More than 50 administrators, staff, faculty and Board of Trustees members from Tusculum College recently spent two days in strategic planning sessions, reviewing the past year’s successes and challenges and optimistically planning for the future.
The group met at First Presbyterian Church in Greeneville on Thursday and Friday, July 9-10, and spent the time developing the College’s next five-year plan for 2009-2014. Several new programs slated for implementation in the coming year are still on track, including a new theater minor and the piloting of the schools’ Quality Enhancement Plan focused on integrating activities to boost reflective judgment skills into the curriculum and campus life.
In the School of Education, several new teacher-licensure options will also be offered in the coming year to both residential and Graduate and Professional Studies program students. These programs will include licensure in combined special education and early childhood, which is a one-of-a-kind custom program approved by the State of Tennessee, and a master’s degree program that leads to post-baccalaureate certification for those who have a baccalaureate degree but need additional coursework in order to be able to sit for the state teacher licensure exams.
“We are continuing to add programs that address the needs of our region,” said Dr. Kim Estep, provost and vice president of academic affairs. “As a small, private institution, we are uniquely able to make adjustments based on current research and market statistics.”
The group also reviewed the previous year and addressed issues related to the current economy.
“Many of our peer institutions have publicly announced serious cuts as a result of the economic climate we currently face,” said Dr. Nancy B. Moody, president of Tusculum College. “We have been benchmarking the College against our peer institutions, and although we anticipate ending the 2008-09 year with a deficit, I am pleased to announce that due to early planning actions taken by the administration and Board of Trustees, there are currently no plans to cut programs, have layoffs, pay-cuts, alter employee benefits or other harsh measures similar to what several other institutions and businesses have been forced to implement.”
She added, “Tusculum College, like many other higher education institutions and private business organizations, has had to take a look at what the current economic situation of our country has meant to the way we do business. Fortunately, with planning and discussions with everyone involved, like the sessions we’ve had this week, we are able to plan for a balanced budget in 2009-2010 without affecting the quality of the educational experience for our students.”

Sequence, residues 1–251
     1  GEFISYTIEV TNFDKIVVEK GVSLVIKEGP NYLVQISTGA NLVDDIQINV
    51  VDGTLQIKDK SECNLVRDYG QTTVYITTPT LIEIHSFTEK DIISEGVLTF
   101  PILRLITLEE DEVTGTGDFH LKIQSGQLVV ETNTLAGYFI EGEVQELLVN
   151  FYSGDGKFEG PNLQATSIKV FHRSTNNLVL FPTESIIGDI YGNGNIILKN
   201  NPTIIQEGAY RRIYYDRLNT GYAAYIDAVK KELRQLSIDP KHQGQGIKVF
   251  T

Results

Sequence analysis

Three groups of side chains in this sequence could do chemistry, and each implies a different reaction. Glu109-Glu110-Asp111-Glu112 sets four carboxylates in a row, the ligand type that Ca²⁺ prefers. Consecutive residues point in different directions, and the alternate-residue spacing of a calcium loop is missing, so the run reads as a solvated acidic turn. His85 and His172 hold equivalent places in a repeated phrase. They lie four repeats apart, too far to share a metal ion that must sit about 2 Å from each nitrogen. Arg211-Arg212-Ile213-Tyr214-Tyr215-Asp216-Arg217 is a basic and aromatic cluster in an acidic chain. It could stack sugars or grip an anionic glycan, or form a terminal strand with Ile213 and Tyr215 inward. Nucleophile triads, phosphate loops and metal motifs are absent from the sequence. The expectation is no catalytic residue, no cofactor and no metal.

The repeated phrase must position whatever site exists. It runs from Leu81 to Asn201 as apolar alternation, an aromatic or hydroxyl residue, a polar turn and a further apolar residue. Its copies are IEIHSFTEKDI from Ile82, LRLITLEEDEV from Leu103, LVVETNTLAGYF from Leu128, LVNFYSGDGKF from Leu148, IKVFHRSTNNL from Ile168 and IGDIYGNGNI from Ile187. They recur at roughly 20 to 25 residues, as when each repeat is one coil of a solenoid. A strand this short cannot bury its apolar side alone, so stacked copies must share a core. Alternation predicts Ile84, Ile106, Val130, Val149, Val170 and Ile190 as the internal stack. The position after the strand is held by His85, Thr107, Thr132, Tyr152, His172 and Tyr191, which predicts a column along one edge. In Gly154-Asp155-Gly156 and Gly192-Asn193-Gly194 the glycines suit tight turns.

Tusculum College has taken steps to ensure a balanced budget in the coming year, as well as growth in the number of educational programs offered in both the residential and the Graduate and Professional Studies programs.
The College continues to grow overall with the residential campus exceeding its goals for 2009-10 in student deposits and on-campus housing occupancies expected to exceed 98 percent. In new programs, a new theater minor and piloting of the Reflective Judgment Quality Enhancement Plan begins this fall, followed by the addition of a music minor and a pep band on campus in the near future.
Dr. Bill Garris, assistant professor of psychology and leader of the campus’ Quality Enhancement Plan Steering Committee, told the group that several professors have begun work on integrating reflective judgment activities into their course work for residential and Graduate and Professional Studies programs, and the initial benchmark testing will begin with the Tusculum Experience course for freshmen when residential students return to campus in late August.
“Helping our students in developing reflective judgment skills will lead them to be judicious decision-makers, not only professionally, but also in their personal lives and as leaders and servants in their communities,” said Garris.
Other items addressed in the five-year plan include more long-term goals such as addressing capital needs and a capital campaign feasibility study for a new science building on campus. The facilities master plan is also set to be reviewed and updated. Other capital needs discussed included additional student housing on the Greeneville campus and a review of facility needs at the College’s non-Greeneville sites.
“There was great energy in the room as this group looked at the next five years for Tusculum College,” said Moody. “There will continue to be challenges, but the future for the unique education, career and life preparation offered on the Tusculum College campus is vibrant.”